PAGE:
This page shows you how to use the cockroach quit command to temporarily stop a node that you plan to restart, for example, during the process of upgrading your cluster's version of CockroachDB.

For information about permanently removing nodes to downsize a cluster or react to hardware failures, see Remove Nodes.

Overview

How It Works

  • Cancels all current sessions without waiting.
  • Transfers all range leases and Raft leadership to other nodes.
  • Gossips its draining state to the cluster so that no leases are transferred to the draining node. Note that this is a best effort, so other nodes may not receive the gossip info in time.
  • No new ranges are transferred to the draining node, to avoid a possible loss of quorum after the node shuts down.

If the node then stays offline for a certain amount of time (5 minutes by default), the cluster considers the node dead and starts to transfer its range replicas to other nodes as well.

After that, if the node comes back online, its range replicas will determine whether or not they are still valid members of replica groups. If a range replica is still valid and any data in its range has changed, it will receive updates from another replica in the group. If a range replica is no longer valid, it will be removed from the node.

Basic terms:

  • Range: CockroachDB stores all user data and almost all system data in a giant sorted map of key value pairs. This keyspace is divided into "ranges", contiguous chunks of the keyspace, so that every key can always be found in a single range.
  • Range Replica: CockroachDB replicates each range (3 times by default) and stores each replica on a different node.
  • Range Lease: For each range, one of the replicas holds the "range lease". This replica, referred to as the "leaseholder", is the one that receives and coordinates all read and write requests for the range.

Considerations

As mentioned above, by default, if a node stays offline for more than 5 minutes, the cluster will consider it dead and will rebalance its data to other nodes. Therefore, before temporarily stopping nodes, if you expect any node to be offline for longer than 5 minutes, you should first set the server.time_until_store_dead cluster setting to higher than the 5m0s default.

For example, let's say you're upgrading system software on a group of servers, and the nodes running on the servers may be offline for up to 15 minutes as a result. Before shutting down the nodes, you would change the server.time_until_store_dead cluster setting as follows:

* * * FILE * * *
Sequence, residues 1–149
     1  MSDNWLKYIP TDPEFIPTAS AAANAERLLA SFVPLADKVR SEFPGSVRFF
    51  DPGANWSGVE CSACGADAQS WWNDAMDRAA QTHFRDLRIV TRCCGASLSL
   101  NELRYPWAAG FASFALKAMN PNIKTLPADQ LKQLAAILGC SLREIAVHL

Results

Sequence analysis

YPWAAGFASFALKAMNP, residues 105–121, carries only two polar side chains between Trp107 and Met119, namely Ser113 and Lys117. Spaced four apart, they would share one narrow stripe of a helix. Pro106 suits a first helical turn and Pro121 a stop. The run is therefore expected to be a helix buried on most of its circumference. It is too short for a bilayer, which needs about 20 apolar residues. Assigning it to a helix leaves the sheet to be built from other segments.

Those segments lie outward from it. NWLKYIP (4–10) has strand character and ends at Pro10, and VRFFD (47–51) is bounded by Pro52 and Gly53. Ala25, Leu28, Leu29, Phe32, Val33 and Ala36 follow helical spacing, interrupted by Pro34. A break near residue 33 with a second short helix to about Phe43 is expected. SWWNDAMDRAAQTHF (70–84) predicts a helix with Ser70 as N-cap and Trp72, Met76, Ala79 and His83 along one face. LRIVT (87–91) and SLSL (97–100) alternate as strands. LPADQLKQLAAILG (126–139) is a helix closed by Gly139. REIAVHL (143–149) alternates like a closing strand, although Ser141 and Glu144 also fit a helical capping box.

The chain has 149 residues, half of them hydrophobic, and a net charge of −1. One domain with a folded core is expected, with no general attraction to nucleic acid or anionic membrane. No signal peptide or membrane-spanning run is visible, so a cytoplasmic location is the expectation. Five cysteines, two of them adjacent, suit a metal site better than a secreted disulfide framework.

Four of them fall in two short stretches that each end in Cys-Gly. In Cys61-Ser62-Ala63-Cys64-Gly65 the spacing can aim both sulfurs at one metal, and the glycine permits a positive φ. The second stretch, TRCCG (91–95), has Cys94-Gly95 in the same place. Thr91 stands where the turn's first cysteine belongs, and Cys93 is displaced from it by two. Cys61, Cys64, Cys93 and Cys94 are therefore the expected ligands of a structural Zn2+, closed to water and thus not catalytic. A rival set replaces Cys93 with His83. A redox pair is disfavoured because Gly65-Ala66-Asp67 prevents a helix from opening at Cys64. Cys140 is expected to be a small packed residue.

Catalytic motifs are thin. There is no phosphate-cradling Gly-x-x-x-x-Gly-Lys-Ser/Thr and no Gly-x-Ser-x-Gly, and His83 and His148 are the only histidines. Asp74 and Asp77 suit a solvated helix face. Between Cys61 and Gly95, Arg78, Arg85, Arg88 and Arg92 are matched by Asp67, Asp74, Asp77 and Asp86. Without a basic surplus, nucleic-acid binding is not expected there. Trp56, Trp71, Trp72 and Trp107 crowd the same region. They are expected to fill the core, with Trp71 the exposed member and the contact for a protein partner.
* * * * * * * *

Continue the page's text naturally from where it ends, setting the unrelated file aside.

> SET CLUSTER SETTING server.time_until_store_dead = '15m0s';

After completing the system upgrades and restarting the nodes, you would then change the setting back to its default:

> SET CLUSTER SETTING server.time_until_store_dead = '5m0s';

Synopsis

# Temporarily stop a node:
$ cockroach quit <flags>

# View help:
$ cockroach quit --help

Flags

The quit command supports the following general-use and logging flags.

General

Flag Description
--decommission If specified, the node will be permanently removed instead of temporarily stopped. See Remove Nodes for more details.

Client Connection

Flag Description
--host The server host to connect to. This can be the address of any node in the cluster.

Env Variable: COCKROACH_HOST
Default:localhost
--port
-p
The server port to connect to.

Env Variable: COCKROACH_PORT
Default: 26257
--user
-u
The SQL user that will own the client session.

Env Variable: COCKROACH_USER
Default: root
--insecure Use an insecure connection.

Env Variable: COCKROACH_INSECURE
Default: false
--certs-dir The path to the certificate directory containing the CA and client certificates and client key.

Env Variable: COCKROACH_CERTS_DIR
Default: ${HOME}/.cockroach-certs/

See Client Connection Parameters for more details.

Logging

By default, the quit command logs errors to stderr.

If you need to troubleshoot this command's behavior, you can change its logging behavior.

Examples

Stop a Node from the Machine Where It's Running

  1. SSH to the machine where the node is running.

  2. If the node is running in the background and you are using a process manager for automatic restarts, use the process manager to stop the cockroach process without restarting it.

    If the node is running in the background and you are not using a process manager, send a kill signal to the cockroach process, for example:

    $ pkill cockroach
    

    If the node is running in the foreground, press CTRL-C.

  3. Verify that the cockroach process has stopped:

    $ ps aux | grep cockroach
    

    Alternately, you can check the node's logs for the message server drained and shutdown completed.

Stop a Node from Another Machine

  1. Install the cockroach binary on a machine separate from the node.

  2. Create a certs directory and copy the CA certificate and the client certificate and key for the root user into the directory.

  3. Run the cockroach quit command without the --decommission flag:

    $ cockroach quit --certs-dir=certs --host=<address of node to stop>
    
  1. Install the cockroach binary on a machine separate from the node.

  2. Run the cockroach quit command without the --decommission flag:

    $ cockroach quit --insecure --host=<address of node to stop>
    

See Also



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